EFF Tells Facebook To Step Up Against Fake Law Enforcement Accounts

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An illustration photo shows the Facebook page displayed on a computer screen at a cyber-cafe in downtown Nairobi, Kenya April 18, 2019. (Photo: REUTERS/Stringer)

Nonprofit organization Electronic Frontier Foundation (EFF) has called out Facebook for its lack of aggressiveness in handling fraudulent law enforcement accounts that are used to spy on unknowing users.

According to FOX News, the organization did acknowledge that Facebook has warned against fake accounts repeatedly. However, the EFF noted that fake identities allow law enforcement officers to bypass warrant-requiring cases.

In a blog post on the organization's official website, the EFF said it wants Facebook to unveil detailed lists that include a fake account's agency, number of fraudulent profiles made, and what action the social media giant took against it.

In its post, the EFF mentioned a couple of cases wherein fraudulent accounts were used by authorities inappropriately. One particular case involved the U.S. Department of Homeland Security.

The EFF also requested of the social media network to let Facebook users know whenever a fake account is discovered and make a clear statement on the platform that law enforcement agencies agree "not to operate fake/impersonator profiles" on the network.

Another problem that was recently raised regarding the popular social media platform is the increasing number of live accounts that are owned by people who've passed away. The matter was raised in a new analysis by the Oxford Internet Institute (OII).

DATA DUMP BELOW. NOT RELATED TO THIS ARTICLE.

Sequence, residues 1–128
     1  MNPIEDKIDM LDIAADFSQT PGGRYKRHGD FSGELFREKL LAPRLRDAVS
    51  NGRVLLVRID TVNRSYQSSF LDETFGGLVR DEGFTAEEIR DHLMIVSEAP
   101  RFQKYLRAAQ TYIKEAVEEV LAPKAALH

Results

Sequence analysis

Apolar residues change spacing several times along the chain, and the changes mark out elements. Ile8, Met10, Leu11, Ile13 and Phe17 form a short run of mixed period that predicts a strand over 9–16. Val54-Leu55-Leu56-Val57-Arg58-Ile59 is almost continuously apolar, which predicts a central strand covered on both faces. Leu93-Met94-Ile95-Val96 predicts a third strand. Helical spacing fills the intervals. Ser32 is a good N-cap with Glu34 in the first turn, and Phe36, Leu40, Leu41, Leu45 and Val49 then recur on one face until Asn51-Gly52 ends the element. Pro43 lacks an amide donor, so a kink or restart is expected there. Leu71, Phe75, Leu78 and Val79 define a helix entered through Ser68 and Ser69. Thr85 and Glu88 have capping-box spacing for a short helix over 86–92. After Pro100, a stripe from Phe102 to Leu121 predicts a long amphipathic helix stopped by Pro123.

The analysis forecasted that around 1.4 billion Facebook users would die before the year 2100. If the numbers prove to be true, it could mean that accounts of dead people will outnumber profiles of living users by 2070.

Lead author of the study Carl Ohman pointed out that the issue could raise "difficult questions" on who will be allowed to access the deceased's account or how the account will be "managed in the best interest of the families and friends of the deceased."

In line with the latest issues that concerned agencies and foundations have raised about security lapses and risks that Facebook poses, the company announced that it has started cracking down on apps such as personality quizzes that require user information.

According to CNN, a spokesperson clarified that while quiz apps have not been banned yet, these quizzes will be subject to increased scrutiny by Facebook's security teams. The platform has since enforced new policies against apps that ask for user data that does not improve the experience of account owners.

Co-founder Mark Zuckerberg said through a Facebook post that the social media platform is looking to spend $3.8 billion on security initiatives that will improve safety and protection for user data.

Industry analysts attributed Facebook's multiple woes to the company's rapid expansion over the last few years. It may have ballooned to become one of the biggest companies around the world, but it risks losing the trust of masses due to security loopholes on its wall.

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